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Steven Spielberg had touching reaction to meeting on-screen parents

Steven Spielberg has done it all in his 50 year career, but his most recent movie The Fabelmans took even him by surprise with how emotional he got on set.

The Fabelmans

Steven Spielberg is a Hollywood veteran who has been making movies since the early 1970s, so you would think that by now, nothing could phase him when he arrives on the set of one of his movies. His latest drama movie, however, was different. The Fabelmans is very closely based on Spielberg’s own life, so it’s his most personal film yet.


Spielberg recalls that when he saw his “parents” – played by Michelle Williams and Paul Dano – for the first time on set in their costumes, he was extremely overwhelmed. “I thought it was going to be routine,” Spielberg told Stephen Colbert (via The Wrap). “I’ve done it a million times. I know what the first day of shooting is like. You get the cast assembled and to figure out the blocking of the first thing you’re about to shoot.”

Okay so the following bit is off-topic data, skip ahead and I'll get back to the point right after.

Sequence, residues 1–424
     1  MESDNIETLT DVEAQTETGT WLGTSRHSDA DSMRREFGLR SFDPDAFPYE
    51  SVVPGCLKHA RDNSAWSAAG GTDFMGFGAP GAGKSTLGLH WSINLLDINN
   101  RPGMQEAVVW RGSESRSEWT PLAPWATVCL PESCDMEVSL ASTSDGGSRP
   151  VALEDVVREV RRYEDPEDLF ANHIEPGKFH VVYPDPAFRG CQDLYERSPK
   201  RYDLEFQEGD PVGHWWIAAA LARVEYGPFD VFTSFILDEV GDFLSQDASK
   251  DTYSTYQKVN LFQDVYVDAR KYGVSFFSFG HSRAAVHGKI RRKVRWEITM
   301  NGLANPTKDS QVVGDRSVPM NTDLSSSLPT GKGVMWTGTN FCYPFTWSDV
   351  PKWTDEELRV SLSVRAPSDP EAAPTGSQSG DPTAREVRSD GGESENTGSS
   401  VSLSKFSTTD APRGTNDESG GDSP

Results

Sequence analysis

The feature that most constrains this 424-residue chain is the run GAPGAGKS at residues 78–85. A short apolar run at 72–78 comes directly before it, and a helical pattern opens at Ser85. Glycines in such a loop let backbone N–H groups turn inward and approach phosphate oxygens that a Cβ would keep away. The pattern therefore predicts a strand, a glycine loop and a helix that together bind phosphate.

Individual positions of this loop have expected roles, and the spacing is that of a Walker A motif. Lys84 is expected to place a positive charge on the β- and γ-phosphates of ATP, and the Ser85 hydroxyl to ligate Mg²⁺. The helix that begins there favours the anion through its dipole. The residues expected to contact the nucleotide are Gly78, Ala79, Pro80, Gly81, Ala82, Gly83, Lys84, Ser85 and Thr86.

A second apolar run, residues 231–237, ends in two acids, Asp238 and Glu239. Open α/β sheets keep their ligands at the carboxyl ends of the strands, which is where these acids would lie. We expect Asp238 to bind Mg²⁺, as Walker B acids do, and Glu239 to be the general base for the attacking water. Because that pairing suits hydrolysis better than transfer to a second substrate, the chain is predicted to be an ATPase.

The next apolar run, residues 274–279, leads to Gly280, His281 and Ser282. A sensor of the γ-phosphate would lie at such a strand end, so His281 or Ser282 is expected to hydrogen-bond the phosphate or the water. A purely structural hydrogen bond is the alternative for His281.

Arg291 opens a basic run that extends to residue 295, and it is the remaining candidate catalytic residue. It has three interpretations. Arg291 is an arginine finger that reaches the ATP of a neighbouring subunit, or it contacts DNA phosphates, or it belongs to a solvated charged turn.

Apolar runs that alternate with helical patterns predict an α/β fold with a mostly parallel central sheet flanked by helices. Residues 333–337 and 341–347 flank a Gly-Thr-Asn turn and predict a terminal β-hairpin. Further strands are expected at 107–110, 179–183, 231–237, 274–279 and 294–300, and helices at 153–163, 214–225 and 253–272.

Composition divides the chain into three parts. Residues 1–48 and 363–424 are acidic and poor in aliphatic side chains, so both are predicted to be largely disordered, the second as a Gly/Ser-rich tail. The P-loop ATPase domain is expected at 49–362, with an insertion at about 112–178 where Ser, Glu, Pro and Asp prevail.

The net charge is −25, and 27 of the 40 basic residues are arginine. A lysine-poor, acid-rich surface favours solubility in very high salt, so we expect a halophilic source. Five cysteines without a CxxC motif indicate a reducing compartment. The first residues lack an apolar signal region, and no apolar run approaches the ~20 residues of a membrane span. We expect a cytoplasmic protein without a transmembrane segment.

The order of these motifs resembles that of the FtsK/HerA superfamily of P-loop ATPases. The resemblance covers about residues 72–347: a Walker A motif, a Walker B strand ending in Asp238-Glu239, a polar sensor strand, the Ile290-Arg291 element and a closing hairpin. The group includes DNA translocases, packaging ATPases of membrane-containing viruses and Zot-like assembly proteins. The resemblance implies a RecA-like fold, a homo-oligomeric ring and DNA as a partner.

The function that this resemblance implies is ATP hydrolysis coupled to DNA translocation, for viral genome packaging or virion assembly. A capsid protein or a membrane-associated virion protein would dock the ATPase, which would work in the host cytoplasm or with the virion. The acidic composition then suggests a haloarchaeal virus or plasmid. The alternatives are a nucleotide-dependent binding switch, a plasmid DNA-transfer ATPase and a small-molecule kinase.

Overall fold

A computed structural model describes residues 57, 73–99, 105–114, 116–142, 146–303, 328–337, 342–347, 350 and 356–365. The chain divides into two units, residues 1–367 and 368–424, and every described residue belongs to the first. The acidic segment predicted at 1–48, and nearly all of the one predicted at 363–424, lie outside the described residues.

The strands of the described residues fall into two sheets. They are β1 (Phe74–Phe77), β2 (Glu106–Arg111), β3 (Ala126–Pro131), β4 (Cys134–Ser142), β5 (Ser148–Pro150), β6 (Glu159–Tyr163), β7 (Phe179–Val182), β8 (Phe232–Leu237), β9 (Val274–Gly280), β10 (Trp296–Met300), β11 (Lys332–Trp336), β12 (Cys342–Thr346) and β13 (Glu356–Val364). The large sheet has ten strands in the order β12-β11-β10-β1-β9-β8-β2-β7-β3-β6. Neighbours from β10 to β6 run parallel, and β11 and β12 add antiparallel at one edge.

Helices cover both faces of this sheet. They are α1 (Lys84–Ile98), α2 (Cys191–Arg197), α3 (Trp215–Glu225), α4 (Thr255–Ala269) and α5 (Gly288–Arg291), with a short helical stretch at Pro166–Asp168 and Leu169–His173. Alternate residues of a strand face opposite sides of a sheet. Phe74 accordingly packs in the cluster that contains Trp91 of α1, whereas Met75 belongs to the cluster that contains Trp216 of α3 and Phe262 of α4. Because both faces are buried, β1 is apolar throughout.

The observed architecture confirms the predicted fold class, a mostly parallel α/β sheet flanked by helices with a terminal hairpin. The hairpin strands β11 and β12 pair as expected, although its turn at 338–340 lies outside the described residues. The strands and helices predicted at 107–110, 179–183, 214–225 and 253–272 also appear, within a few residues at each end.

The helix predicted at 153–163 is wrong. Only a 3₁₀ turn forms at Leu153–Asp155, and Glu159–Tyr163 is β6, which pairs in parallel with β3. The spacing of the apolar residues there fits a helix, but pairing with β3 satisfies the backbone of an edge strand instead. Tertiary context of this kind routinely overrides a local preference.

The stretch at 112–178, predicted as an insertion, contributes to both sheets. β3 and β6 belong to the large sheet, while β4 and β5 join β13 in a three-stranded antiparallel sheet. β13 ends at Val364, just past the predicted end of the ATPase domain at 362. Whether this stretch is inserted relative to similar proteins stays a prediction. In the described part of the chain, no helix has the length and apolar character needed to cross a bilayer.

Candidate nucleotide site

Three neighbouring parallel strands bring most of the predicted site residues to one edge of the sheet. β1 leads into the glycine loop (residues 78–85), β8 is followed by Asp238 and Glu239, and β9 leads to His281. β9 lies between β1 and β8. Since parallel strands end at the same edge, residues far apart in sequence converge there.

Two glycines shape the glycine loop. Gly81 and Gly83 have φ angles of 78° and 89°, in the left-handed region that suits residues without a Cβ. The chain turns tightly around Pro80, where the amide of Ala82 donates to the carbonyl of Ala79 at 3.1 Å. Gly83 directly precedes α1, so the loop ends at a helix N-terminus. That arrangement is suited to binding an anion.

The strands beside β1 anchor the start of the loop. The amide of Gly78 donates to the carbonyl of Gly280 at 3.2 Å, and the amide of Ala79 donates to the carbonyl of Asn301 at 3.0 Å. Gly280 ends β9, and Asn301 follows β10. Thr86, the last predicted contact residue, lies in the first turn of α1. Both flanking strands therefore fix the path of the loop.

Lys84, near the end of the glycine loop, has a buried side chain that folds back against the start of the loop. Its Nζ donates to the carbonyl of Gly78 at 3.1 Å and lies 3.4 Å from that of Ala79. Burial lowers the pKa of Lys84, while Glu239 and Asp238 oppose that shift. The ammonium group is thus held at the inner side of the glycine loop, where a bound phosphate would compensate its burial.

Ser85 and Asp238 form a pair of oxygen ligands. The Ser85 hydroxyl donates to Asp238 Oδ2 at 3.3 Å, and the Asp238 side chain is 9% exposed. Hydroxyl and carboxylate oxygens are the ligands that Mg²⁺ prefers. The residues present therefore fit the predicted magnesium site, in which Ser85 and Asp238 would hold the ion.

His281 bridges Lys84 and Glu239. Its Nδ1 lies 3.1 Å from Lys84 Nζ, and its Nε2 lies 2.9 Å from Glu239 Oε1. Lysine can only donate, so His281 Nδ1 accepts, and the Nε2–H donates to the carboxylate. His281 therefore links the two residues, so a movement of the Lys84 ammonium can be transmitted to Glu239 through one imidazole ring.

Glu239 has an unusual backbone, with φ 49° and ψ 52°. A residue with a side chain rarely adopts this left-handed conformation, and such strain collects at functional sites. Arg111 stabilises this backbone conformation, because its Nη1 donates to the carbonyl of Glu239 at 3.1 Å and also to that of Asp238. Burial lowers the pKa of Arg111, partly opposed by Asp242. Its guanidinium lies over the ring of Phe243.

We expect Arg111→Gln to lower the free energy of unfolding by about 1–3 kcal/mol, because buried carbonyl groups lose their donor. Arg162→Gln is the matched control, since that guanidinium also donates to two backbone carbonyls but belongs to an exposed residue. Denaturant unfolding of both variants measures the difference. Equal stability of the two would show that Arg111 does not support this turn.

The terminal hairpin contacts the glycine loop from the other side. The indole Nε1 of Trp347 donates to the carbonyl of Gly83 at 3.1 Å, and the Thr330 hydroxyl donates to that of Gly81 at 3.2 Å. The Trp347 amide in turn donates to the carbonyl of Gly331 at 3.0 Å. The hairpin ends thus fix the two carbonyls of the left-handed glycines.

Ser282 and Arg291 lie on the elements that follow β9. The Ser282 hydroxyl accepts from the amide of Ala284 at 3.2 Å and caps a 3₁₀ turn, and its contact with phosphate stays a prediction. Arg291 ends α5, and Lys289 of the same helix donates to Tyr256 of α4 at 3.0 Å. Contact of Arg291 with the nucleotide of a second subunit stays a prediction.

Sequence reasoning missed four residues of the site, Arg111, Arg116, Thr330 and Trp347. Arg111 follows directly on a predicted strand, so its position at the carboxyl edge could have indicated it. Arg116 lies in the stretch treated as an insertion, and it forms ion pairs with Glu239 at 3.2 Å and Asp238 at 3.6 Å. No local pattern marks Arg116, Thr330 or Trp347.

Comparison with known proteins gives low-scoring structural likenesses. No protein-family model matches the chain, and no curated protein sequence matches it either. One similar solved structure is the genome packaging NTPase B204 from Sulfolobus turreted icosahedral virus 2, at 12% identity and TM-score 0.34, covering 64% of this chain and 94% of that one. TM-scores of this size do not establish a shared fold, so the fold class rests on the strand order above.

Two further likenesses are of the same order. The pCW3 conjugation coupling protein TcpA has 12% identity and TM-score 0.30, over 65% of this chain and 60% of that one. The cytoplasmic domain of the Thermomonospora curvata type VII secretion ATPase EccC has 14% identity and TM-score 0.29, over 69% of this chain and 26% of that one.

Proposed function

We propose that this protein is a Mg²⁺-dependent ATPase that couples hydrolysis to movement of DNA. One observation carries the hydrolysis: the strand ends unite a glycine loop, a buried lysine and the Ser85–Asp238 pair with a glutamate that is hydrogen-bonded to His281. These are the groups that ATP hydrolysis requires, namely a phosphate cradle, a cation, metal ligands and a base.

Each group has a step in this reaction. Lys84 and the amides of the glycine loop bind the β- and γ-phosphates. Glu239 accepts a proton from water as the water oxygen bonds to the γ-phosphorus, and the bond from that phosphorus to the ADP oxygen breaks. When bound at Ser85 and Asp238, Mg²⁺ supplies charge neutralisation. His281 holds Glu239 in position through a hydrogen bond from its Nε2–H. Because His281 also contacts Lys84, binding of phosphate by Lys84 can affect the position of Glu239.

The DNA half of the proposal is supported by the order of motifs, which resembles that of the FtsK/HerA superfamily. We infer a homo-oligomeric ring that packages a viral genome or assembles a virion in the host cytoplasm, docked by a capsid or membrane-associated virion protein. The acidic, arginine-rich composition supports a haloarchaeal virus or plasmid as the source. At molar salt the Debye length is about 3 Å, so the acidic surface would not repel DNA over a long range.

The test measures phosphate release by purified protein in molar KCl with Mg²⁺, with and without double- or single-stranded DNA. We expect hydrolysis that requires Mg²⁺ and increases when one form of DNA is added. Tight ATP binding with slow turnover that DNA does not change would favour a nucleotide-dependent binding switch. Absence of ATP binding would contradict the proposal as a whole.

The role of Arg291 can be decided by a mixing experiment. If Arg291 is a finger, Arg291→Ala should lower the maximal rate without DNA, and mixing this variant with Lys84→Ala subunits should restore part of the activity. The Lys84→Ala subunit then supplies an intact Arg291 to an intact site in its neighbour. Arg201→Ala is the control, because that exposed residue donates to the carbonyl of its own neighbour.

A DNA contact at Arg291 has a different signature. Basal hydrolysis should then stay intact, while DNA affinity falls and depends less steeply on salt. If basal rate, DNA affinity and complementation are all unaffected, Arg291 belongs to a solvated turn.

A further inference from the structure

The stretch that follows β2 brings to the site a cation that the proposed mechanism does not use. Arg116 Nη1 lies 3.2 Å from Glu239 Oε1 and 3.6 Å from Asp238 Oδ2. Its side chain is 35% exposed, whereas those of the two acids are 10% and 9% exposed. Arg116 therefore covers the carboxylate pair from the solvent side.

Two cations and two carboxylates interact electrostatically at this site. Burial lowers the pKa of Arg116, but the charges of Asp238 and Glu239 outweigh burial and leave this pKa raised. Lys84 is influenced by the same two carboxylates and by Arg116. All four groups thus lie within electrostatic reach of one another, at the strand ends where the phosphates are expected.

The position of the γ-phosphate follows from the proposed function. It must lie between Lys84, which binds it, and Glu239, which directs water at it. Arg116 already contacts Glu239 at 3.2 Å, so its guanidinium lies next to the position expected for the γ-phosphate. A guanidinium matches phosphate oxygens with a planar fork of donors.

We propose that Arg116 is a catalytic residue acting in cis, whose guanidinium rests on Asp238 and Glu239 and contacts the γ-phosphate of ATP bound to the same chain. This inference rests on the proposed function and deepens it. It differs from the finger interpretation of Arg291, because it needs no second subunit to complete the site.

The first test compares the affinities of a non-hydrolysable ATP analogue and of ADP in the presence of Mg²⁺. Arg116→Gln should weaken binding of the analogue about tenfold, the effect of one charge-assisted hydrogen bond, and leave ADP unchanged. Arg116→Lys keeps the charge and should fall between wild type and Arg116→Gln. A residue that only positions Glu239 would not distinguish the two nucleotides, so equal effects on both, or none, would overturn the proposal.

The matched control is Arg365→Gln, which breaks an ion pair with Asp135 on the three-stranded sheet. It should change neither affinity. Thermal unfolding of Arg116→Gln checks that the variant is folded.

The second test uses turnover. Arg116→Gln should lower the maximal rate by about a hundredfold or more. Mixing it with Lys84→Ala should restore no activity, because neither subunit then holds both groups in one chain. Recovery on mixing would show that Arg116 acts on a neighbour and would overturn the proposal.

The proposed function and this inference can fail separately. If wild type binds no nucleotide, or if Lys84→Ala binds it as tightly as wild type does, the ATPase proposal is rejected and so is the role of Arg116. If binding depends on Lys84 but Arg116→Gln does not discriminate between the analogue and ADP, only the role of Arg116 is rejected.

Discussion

“On the first day of shooting, [costume designer] Mark Bridges came over to me and said, ‘I got Paul and Michelle here, in their hair, makeup, and costumes.’ And I was talking to, I think Kristie [probably producer Kristie Macosko Krieger], and so I turned around and there was my father and mother, and I just burst into tears,” Spielberg said.

Spielberg said Willams and Dano ran to him and embraced him with a hug and held him, overwhelmed with emotion. Spielberg was obviously wary making such a personal movie based on a true story; “I thought by telling a story about how I discovered my mom was having an affair of the heart with her and my father’s best friend – and my father’s business partner – was something that never had to be publicly expressed.” Divorce and kids being separated from their parents is a common theme in Spielberg’s work.

Spielberg added; “I had a lot of second thoughts about that. But to his credit, writer Tony Kushner continued to say that is the MacGuffin of this movie. That is the centre-ring in this circus of your life, that is the centre-ring.” A MacGuffin is an object or event that drives the plot and motivates the characters – but is often ridiculous and meaningless. The term was popularised by Alfred Hitchcock, and a famous example would be the briefcase in Quentin Tarantino‘s Pulp Fiction.